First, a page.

How math got us to the moon
And why teaching math the right way has never been more important
Fifty years ago this month, Neil Armstrong made history and in the process wowed the entire world with American scientific prowess.
This giant leap for mankind was achieved less than seven years since JFK laid out his bold vision for America’s space program. Trump now wants to plant the American flag on Mars — a laudable aim. But soaring presidential rhetoric won’t get us any nearer to Mars than it did the moon.
“You can’t get anywhere without the numbers,” says John Glenn in the 2016 movie Hidden Figures. It’s an imagined line of dialogue but nevertheless true. We tend to remember the names of Glenn, Armstrong, Aldrin, and other astronauts. But it was the math brains behind the scenes — the hidden figures of the movie’s title — who made American spaceflight possible, first with Project Mercury and later with the moon landing. The film focuses on three of Mercury’s math pioneers — Katherine Johnson, Dorothy Vaughan, and Mary Jackson — who chartered a course both for space exploration and African-American participation in the US space program.
As the movie reminds us, America won the space race coming from behind. Russia scored the bragging rights for sending the first human into space when it launched Yuri Gagarin into orbit in April 1961. But after playing catch up, America eventually won the space race by putting a person on the moon.
Once again, America finds herself in a position of relative weakness. But this time it’s with math. Once a math superpower, America has slipped to an alarming 39 on the latest PISA rankings, an OCED measure of scholastic ability of 15-year-old students in 70 countries and territories. “Wake Up America, China is eating our lunch!” Trump loves to tweet. When it comes to math, it’s not just China dining at America’s expense. So is Singapore, Japan, South Korea, Switzerland, Estonia, Canada, Netherlands, Finland, Denmark, Slovenia, Belgium, Germany, Ireland, Poland, Norway, Austria, New Zealand, Vietnam, Australia, Sweden, Russia, France, United Kingdom, Portugal, Czech Republic, Italy, Iceland, Spain, Luxembourg, Latvia, Malta, Lithuania, Hungary, and Slovakia.
America faired better on the latest TIMSS rankings, a measure by the International Association for Evaluation of Educational Achievement (IEA) for math and science achievement of students in Grades 4 and 8. But it still didn’t make the top ten. Ahead of America are Singapore, Hong Kong, South Korea, Taiwan, Japan, Russia, Norway, Ireland, Belgium, Kazakhstan, and Portugal.
How has it come to this? More importantly, what can be done about it?
Well, to repurpose a phrase, we need to make math great again. And we can only do that by making math learning meaningful and enjoyable. Kids balk at math for the same reasons their parents did: they can’t relate to it and they don’t enjoy it.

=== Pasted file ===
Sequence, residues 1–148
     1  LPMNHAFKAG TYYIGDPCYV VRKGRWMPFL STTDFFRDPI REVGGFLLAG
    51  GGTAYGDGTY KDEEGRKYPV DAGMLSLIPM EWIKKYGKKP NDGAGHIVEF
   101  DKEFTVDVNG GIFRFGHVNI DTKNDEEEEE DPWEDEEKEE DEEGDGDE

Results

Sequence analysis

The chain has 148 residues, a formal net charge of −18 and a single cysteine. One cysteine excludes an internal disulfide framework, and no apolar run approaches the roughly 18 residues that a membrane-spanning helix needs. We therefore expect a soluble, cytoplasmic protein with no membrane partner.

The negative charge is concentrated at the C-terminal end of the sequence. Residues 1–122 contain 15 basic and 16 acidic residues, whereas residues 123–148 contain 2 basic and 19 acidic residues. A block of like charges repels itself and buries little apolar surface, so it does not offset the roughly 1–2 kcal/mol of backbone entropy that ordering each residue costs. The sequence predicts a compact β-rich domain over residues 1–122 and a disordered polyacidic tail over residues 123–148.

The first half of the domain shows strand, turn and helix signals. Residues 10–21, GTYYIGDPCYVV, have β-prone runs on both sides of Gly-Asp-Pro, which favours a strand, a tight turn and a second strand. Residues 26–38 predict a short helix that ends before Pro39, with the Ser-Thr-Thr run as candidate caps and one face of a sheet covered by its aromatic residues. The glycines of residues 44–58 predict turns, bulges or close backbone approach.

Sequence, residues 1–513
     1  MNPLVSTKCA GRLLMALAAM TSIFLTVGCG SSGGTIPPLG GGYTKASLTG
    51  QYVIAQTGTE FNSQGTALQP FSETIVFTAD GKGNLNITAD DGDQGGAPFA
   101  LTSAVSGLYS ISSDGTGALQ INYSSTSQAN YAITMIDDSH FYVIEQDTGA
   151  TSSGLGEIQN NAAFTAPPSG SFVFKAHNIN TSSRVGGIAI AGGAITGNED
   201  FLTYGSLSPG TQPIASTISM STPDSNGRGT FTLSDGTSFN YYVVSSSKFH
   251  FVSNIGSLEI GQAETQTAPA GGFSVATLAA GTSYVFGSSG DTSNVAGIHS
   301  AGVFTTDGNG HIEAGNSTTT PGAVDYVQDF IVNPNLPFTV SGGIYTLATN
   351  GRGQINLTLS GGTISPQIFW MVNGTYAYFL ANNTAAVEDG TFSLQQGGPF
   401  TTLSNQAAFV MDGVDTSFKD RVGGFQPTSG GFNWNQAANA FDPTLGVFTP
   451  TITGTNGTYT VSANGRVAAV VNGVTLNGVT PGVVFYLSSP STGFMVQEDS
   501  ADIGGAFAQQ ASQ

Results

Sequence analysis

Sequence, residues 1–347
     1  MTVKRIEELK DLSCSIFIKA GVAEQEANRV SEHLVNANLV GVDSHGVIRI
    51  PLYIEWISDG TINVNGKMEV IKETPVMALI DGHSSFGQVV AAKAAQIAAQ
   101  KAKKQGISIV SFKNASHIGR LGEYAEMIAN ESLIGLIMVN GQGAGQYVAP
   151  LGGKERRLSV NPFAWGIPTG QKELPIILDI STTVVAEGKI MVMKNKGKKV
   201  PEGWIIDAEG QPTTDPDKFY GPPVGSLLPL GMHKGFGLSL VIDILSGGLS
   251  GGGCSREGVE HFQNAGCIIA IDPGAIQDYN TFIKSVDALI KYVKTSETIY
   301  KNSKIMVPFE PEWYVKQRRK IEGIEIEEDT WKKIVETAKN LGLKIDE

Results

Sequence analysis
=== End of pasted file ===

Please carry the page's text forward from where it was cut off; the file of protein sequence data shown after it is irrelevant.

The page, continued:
It needn’t be this way.
That’s how we see it at ORIGO. Parrot teaching is great for birds but terrible for children. If math is to resonate with kids it has to be meaningful and enjoyable. The more relatable and fun kids find the learning experience, the more they’ll take in. It’s a simple proposition: the more meaningful it is and the more they enjoy it, the more they’ll learn.
This has to start in elementary. America will only improve her international math ranking among high-school students if those very same children have a solid conceptual understanding in math. You can’t launch a rocket without a launch pad.
ORIGO achieves this by infusing each and every one of our products with our four core beliefs: learning is a social process that requires language and discourse; students who develop strong thinking, problem-solving, and communication skills grow into productive, innovative members of society; content taught in a logical, coherent, and learner-friendly sequence inspires student engagement and success; and technology empowers rather than replaces educators.
Technology comes and goes. Presidents come and go. But “math is always dependable.” This is another line of imagined dialogue from Hidden Figures. This time it comes from Katherine Johnson, the film’s main protagonist. Johnson was somewhat of a child prodigy, displaying a special gift for math at an early age. But you don’t need a head for figures to excel at math. ORIGO’s belief is that any child can excel at math if taught the right way. We can attest to this truth after almost a quarter of a century of putting our beliefs into daily practice in partnership with thousands of schools and districts across America.
So, on this special anniversary of the moon landing and the math that made it possible, let’s reaffirm our commitment to make math great again. Shout it from the rooftops, say it to your kids, put it on a red baseball cap if you like. But let’s make it happen. It’s not rocket science when you know how.